But there’s another reason Google decided to put its RSS reader to death. According to Mountain View, most of us simply consume news differently now than when Reader was launched.

“As a culture we have moved into a realm where the consumption of news is a near-constant process,” says Richard Gringras, Senior Director, News & Social Products at Google. “Users with smartphones and tablets are consuming news in bits and bites throughout the course of the day — replacing the old standard behaviors of news consumption over breakfast along with a leisurely read at the end of the day.”

Google Reader, and other RSS readers, subscribe to this “old” model. You sit, you pore through the day’s news link by link. Yes, some people are glued to their readers constantly. (Guilty!) And yes, you can use an app like Feedly to get your RSS fix on the go, but it’s a passive news-getting experience. With its updates to Now and Plus, Google wants its readers to take this more active approach to news consumption.

But I don’t like this narrow view of the Google Reader (or other RSS readers).  RSS is not just for news.  Sure, news are an important part of Really Simple Syndication, but it’s not the only one.  There are many others – Wiki updates, mailing lists, commit messages, shopping updates for deals and stock clearances, etc.  Even if Google considers supporting those with Google+, the support is not there yet.  Heck, there isn’t even a publishing API for Google+.  As a blogger, I have built up a small audience of subscribers, but there is currently no way for me to transfer them all to Google+.  Unless I really push them, and then manually publish every post into Google+.  It even sounds ridiculous.

We’ll see how it plays out …

Google Reader alternative quest

After the news of Google Reader demise broke out, I, like many others, started looking for an alternative.  There are many RSS readers out there, both free and commercial, but none of them is quite like Google Reader.   So, I thought, I’d share my adventures in hopes of more suggestions.

First of all, here are the things that I am looking for in an RSS reader:

  • Web based.  This is a requirement for me.  I want to be able to access my subscriptions from any computer connected to the World Wide Web.
  • OPML import and/or Google Reader synchronization.  I have around 300 feeds in the Google Reader currently.  I am not going to resubscribe to each one by one and reorganized them again.  Ideally, I want to have a Google Reader sync, which will mark the read items, etc.  In the worst case scenario, at least the OMPL import, so I can batch add all the feeds.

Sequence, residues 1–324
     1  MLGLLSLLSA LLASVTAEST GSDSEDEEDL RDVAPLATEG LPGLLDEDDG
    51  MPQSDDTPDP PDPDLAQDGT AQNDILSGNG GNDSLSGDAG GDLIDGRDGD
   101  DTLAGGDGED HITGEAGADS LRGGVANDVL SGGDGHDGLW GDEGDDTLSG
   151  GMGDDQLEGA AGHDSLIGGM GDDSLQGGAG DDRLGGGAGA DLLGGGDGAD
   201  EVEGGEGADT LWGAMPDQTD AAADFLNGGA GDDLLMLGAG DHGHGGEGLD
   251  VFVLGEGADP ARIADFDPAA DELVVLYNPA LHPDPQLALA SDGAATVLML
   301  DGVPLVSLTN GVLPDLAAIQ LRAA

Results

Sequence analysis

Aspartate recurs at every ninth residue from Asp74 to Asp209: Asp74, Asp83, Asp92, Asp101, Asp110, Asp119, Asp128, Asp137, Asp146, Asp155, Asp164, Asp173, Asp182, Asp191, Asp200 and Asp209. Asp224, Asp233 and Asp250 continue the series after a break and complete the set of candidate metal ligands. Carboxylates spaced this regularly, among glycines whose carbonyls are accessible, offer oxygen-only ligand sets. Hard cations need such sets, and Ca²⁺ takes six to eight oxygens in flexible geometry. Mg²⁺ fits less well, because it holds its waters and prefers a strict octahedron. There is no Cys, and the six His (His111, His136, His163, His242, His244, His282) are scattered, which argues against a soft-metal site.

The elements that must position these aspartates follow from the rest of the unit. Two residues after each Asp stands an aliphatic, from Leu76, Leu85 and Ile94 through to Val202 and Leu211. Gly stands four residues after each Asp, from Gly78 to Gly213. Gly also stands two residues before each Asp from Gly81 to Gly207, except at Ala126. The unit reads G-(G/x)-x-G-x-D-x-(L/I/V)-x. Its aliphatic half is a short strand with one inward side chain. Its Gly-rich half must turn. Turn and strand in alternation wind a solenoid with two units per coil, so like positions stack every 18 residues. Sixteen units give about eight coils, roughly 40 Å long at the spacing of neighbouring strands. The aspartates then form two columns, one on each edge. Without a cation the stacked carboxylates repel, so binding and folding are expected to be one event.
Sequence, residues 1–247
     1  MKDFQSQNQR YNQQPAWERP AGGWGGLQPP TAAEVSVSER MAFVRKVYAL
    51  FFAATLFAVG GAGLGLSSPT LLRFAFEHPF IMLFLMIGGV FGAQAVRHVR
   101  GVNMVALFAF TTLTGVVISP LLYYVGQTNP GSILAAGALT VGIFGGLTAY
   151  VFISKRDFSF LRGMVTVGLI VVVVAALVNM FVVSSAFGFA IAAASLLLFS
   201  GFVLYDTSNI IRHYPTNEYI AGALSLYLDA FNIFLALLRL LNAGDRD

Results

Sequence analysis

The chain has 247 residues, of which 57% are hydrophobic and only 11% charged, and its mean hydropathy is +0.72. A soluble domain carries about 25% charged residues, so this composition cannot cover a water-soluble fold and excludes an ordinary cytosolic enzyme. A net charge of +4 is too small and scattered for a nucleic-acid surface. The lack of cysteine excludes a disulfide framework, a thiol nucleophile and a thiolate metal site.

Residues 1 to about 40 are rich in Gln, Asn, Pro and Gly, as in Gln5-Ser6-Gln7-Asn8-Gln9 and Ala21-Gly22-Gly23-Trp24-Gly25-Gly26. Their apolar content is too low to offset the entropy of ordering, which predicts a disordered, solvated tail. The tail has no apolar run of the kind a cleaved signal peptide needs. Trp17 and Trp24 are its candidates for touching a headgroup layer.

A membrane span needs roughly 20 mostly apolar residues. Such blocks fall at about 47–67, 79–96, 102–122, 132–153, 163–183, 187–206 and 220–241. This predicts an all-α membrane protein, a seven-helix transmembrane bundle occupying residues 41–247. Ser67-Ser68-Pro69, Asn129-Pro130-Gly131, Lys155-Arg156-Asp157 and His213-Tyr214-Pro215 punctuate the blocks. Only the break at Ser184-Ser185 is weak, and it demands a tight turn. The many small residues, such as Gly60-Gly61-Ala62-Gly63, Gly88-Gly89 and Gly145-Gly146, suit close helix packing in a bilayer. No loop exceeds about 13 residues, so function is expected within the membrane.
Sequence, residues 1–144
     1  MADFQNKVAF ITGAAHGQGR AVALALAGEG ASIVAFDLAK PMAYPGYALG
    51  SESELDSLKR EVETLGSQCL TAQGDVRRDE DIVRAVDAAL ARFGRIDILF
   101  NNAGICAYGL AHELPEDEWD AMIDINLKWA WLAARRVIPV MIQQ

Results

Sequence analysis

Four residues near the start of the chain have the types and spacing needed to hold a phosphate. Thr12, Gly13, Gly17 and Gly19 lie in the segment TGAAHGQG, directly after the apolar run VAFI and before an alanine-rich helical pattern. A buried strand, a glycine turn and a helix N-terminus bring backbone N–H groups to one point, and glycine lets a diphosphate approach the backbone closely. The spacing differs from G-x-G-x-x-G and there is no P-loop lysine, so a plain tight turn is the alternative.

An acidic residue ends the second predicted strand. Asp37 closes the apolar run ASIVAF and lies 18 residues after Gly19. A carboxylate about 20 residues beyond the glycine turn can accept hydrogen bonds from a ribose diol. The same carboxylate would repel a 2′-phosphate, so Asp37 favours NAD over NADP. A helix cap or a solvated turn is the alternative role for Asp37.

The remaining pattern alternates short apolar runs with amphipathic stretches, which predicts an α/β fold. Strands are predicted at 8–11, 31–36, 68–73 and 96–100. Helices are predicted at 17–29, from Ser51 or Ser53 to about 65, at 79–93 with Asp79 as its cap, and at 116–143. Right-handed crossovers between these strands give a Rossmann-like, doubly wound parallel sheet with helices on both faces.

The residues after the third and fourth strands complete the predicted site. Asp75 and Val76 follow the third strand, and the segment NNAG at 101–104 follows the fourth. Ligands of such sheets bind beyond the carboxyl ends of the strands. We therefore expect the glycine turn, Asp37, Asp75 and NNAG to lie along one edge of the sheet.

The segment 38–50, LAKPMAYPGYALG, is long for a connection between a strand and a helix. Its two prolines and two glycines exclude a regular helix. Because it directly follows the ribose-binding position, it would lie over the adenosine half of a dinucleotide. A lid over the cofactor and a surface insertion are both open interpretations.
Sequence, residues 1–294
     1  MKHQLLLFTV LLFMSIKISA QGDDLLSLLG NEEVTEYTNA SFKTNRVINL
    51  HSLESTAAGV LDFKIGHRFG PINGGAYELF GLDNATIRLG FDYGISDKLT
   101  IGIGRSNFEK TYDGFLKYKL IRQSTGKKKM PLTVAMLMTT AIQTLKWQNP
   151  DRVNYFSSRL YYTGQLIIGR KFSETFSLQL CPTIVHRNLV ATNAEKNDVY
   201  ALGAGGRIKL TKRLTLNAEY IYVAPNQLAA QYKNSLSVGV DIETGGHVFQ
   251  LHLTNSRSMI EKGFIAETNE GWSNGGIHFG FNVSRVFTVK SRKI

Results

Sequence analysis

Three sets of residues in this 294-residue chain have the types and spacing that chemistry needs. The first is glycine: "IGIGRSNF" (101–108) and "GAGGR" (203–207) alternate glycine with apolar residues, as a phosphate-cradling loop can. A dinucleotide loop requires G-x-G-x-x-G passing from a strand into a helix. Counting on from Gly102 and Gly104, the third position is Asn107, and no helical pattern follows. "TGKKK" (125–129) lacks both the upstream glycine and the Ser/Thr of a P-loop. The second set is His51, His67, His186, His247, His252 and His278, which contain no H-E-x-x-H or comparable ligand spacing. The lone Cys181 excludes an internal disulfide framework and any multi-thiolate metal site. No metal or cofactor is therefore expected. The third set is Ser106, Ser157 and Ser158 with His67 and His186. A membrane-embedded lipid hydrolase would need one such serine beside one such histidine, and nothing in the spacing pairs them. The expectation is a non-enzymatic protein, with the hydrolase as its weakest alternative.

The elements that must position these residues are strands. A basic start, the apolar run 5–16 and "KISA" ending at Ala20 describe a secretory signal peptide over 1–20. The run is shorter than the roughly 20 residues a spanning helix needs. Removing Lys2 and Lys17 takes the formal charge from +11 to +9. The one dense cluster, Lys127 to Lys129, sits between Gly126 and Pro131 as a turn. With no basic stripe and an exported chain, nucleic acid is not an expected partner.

• Rich content support.  I want to see embed images and videos in the feed items.  I want the text to have style.
  • Mobile app.  This is not a requirement per se, but a much wanted option.  I read a lot of RSS on the go.
  • Free.  Again, not a requirement, but a much wanted option.

Here is a list of the ones I tried:

  • The Old Reader. It looks like the old Google Reader, but it suffers now from all the spike of new accounts.  I’m trying to import my OPML, but I’m 30,000+ down in the queue.  The number keeps going up and down for the last two days, so I’m not sure when I’ll be able to actually use the service.
  • Tiny Tiny RSS. I’ve installed it on my server and it does work somewhat well.  But the styling is very weak, and the experience is quite different from the Google Reader.  It will take me forever to get used to it, and while doing so, I’ll be constantly thinking of patching it up.  Removed, for now.
  • BazQux Reader.  I have reviewed this service a while ago.  It only got better with time.  In fact, this is the closest experience to Google Reader with a few extra bonuses, like item comments.  The service is not free, but not too pricey – choose between $9, $19, and $29 per year.  As far as the migration from Google Reader goes, this is the fastest service – two clicks, and you are already reading your feeds.  The only downside I see is mobile experience.  I couldn’t find the app for Android, and the website is not suited for smaller screens.
  • Feedly.  The best styling of all I’ve tried.  Nice mobile app.  But requires a browser extension on the desktop.  Also, the experience is a bit different from the Google Reader, so needs some getting used to.

So, as you can see, I am yet to decide.  There are also quite a few alternatives that I haven’t tried yet.  From the ones I’ve tried though, the two most likely candidates are Feedly and BazQux Reader.  Feedly looks beautiful and works well on the mobile.  BazQux Reader provides the best experience on the desktop.

Which ones have you tried and what’s your most likely alternative?  Have you made up your mind yet?